What is Aphasia?

Aphasia is an acquired language disorder resulting from a stroke or brain injury. It affects a person’s ability to process, use, and/or understand language. Aphasia does not affect intelligence.

Aphasia can affect all forms of language – speaking, listening, reading, and writing. Aphasia can cause frustration and stress for an individual living with it, as well as for his or her caregiver. An aphasia diagnosis is unplanned, unexpected, and frustrating, but it’s not hopeless.

There are many types of aphasia, and characteristics vary depending on the location and degree of damage to the brain. The greater the severity of the aphasia, the more limited the speech and language skills.

These Are the Symptoms of Mild To Severe Aphasia

Mild aphasia:

  • Individuals may have trouble understanding long messages
  • Individuals may need a little extra time to understand and respond to spoken messages
  • Individuals may have difficulty finding words to express or explain an idea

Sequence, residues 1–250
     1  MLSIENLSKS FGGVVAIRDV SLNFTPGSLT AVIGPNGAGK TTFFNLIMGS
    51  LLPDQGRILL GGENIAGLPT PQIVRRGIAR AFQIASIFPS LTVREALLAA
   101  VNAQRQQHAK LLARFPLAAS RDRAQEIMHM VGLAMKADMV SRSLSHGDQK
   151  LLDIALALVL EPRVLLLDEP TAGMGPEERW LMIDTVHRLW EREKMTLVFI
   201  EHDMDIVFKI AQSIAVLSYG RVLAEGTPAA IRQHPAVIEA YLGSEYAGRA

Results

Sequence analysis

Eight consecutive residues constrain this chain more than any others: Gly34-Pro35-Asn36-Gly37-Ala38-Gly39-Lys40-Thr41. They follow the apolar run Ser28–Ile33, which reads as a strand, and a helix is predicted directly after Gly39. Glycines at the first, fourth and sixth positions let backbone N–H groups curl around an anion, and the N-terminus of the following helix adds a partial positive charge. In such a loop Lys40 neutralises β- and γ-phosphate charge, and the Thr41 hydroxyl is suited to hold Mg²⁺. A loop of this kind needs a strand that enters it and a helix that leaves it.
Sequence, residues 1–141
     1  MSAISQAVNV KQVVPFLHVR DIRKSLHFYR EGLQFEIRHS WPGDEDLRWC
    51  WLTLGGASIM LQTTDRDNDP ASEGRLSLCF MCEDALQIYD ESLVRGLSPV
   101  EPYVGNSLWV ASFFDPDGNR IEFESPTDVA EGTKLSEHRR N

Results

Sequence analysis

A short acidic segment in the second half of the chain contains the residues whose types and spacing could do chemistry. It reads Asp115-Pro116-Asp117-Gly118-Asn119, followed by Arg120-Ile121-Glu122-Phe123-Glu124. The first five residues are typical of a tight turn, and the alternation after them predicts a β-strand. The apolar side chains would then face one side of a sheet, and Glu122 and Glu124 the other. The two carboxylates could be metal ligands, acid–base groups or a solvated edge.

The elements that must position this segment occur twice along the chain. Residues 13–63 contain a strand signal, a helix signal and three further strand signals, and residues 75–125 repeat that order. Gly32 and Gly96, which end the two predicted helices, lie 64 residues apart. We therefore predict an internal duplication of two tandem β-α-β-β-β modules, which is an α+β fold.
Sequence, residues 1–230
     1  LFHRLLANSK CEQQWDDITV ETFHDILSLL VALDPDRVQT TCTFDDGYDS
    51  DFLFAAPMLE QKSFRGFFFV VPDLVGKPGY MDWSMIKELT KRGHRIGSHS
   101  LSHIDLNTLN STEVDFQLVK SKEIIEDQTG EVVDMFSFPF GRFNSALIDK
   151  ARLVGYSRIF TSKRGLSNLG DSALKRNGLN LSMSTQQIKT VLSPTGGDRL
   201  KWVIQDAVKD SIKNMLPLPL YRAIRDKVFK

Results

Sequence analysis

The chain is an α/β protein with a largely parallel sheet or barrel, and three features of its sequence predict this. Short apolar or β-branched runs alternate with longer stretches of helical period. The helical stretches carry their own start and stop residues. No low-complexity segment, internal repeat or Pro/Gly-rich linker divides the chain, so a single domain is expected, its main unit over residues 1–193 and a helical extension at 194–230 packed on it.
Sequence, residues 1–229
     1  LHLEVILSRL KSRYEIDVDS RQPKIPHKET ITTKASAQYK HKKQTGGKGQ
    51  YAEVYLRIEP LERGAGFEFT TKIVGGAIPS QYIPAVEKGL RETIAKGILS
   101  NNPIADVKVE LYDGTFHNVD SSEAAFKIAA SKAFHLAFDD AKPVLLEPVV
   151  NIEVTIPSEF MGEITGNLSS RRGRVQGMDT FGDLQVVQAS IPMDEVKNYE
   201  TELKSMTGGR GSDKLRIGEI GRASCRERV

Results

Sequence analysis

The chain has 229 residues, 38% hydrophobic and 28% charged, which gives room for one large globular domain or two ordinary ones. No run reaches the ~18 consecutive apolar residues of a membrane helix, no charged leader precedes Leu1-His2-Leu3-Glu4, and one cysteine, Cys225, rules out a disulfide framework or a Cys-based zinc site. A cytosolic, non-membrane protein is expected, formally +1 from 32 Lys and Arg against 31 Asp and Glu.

• Individuals may put words in the wrong order, or substitute the wrong word/part of a word when talking. For example, he or she may call a “table” a “cup”
  • Individuals may have difficulty responding to questions on the spot

Severe aphasia:

  • Individuals may have trouble understanding spoken messages
  • Individuals may be unreliable in responding to “yes and no” questions
  • Individuals may not be aware of their own errors
  • Individuals may use a combination of words and jargon that is not understood by others
  • Individuals may have little or no speech

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